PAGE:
Sunrun Wins Big in New England Capacity Auction With Home Solar and Batteries

Sunrun will get its chance to prove that home batteries and
solar panels can stack up against traditional power plants.

The San Francisco-based company won a 20 megawatt bid in the
forward capacity auction for ISO New England, which operates the
electric grid in six northeastern states. That auction ensures that
enough grid capacity will be online in 2022.

Unlike previous winners, Sunrun did not bid a traditional power
plant. Its product is a network of small solar and battery
installations that will go into roughly 5,000 customer homes across
the region. The company is promising to aggregate across those
systems to deliver the necessary power to the grid, while also
keeping the host customers happy.

Sunrun has vocally promoted this vision, as it expanded from
simply installing solar panels into battery storage and grid
services business lines. Many other companies and analysts share
the belief that distributed resources, acting in concert, can
provide a cleaner, more resilient and cheaper alternative to
centralized grid architectures.

Real world implementation of this model, sometimes referred to
as a “virtual power plant,” has lagged behind its invocations
in cleantech conferences and white papers.

In regulated states, small-scale pilots have begun. Some
distributed batteries participate in wholesale markets through
demand reduction mechanisms, which are less lucrative than capacity
products. Swell Energy won a contract with utility Southern
California Edison to put batteries in 3,000 homes; that was through
a
Preferred Resources Pilot
designed to try out new, cleaner grid
technologies.

With this win, Sunrun showed it could compete in an open auction
alongside conventional resources like gas plants and
hydropower.

“Definitionally, we can provide these services at lower costs
than others,” Sunrun Executive Chairman Ed Fenster said of the
successful bid.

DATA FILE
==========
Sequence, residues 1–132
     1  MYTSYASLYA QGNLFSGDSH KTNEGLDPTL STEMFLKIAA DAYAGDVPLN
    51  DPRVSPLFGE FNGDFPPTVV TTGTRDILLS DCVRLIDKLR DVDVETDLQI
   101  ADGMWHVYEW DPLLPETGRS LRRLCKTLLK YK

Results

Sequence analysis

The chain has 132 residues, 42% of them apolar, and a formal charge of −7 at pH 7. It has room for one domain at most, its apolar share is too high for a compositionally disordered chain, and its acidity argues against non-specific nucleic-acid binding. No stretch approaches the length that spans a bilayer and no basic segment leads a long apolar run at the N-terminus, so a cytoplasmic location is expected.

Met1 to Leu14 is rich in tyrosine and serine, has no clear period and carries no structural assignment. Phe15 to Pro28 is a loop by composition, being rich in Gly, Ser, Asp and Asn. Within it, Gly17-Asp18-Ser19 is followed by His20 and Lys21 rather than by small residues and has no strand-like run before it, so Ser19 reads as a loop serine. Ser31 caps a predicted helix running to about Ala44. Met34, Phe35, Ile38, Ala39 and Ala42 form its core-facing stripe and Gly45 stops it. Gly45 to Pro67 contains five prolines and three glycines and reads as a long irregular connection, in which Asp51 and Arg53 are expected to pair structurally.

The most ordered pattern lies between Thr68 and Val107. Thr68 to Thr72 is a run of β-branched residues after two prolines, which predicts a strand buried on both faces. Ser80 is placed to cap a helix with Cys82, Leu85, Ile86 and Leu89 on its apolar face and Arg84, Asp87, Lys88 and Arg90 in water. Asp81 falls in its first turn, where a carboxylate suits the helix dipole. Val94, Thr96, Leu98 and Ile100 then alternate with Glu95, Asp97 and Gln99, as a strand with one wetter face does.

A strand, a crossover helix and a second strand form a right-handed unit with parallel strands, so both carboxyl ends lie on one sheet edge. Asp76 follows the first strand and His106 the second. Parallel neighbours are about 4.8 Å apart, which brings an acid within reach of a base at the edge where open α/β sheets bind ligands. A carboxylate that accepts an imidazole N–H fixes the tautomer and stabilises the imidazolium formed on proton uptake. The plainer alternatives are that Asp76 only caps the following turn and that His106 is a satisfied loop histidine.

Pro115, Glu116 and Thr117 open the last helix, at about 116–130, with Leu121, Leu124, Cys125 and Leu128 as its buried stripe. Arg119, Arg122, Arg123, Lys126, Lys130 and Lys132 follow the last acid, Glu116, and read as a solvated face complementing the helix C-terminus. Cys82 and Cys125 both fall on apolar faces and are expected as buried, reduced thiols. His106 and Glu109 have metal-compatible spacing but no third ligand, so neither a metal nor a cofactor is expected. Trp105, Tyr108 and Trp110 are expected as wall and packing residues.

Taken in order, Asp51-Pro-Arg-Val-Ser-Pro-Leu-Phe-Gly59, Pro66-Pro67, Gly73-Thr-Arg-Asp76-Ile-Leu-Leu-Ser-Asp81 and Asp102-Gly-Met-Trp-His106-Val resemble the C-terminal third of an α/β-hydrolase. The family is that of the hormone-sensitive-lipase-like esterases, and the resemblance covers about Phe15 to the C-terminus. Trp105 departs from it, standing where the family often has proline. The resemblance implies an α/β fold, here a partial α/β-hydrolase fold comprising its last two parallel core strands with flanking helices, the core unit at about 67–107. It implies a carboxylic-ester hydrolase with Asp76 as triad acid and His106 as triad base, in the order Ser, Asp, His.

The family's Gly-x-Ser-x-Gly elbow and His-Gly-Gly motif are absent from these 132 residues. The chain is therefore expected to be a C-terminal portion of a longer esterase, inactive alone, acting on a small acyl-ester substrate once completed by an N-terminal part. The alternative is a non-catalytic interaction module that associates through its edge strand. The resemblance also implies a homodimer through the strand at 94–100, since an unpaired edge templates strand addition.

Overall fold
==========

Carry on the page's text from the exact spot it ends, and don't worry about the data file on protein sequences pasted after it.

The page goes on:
A groundbreaking moment for virtual power plants

By power plant standards, 20 megawatts is small. But it’s
groundbreaking for virtual power plants to date. Sunrun completed

5,000 installations
of its BrightBox home solar and battery
system across the country by the end of 2018; now it must match
that number in the six New England states in three years.

To accomplish this, Sunrun first has to sell customers on the
core product: clean solar power and backup power from the battery.
Going forward, customers will have the option of participating in
the capacity service.

How exactly Sunrun explains the complexities of wholesale market
participation remains to be seen. However, the company says it can
use the expected revenue to lower the upfront price for customers,
and that may be all the explanation that consumers need.

Winning the capacity revenue, and potentially lowering prices as
a result, gives Sunrun new ammo for its sales pitch.

“We don’t have competitors who have done that yet, so
we’re extending our competitive lead in the process,” Fenster
said.

The first proof point will be whether Sunrun can sign up enough
customers in the required region. Fenster is confident that this
will happen, based on the company’s decade of experience
identifying and acquiring customers.

“We feel very good about our forecasting abilities,” he
noted.

The next proof point will come in 2022, when the obligation
kicks in. Sunrun will have to control its fleet of thousands of
batteries such that it reliably discharges the required amount of
power within designated peak hours in winter and summer.

The company hired Audrey Lee to build out that algorithmic
capability, which must balance customer use and grid participation
across a vast number of devices in as many different locations. It
has never been tested at so large a scale.

A leap forward in the business model

By 2022, though, Sunrun will have several years of experience
overseeing thousands of batteries in the field. The fleet will also
benefit from the law of large numbers, Fenster pointed out; a local
disruption won’t affect the thousands of systems in other
counties and states.

If it works as planned, this system will deliver benefits to
three different groups. Homeowners get clean energy and backup
power for a lower price; Sunrun makes money and gains a competitive
edge; New Englanders as a whole pay a little less for capacity.

“It’s a real leap forward in the business model and we’re
excited to pursue more of it,” Fenster said. “There’s no
reason other grid operators wouldn’t want to pursue a similar
strategy.”

Becoming eligible to bid into the market took some procedural
work, which will have to be replicated at other regional grid
operators for the model to spread. States with vertically
integrated utilities don’t offer this kind of market
participation for third parties like Sunrun.

If the new model proves reliable at scale, other regions will
have to take notice. The bullish view amounts to nothing less than
structural change in how the U.S. supplies its electrical system: a
shift away from the primacy of centralized power production.

Source: FS – GreenTech Media
Sunrun Wins Big in New England Capacity Auction With Home Solar and Batteries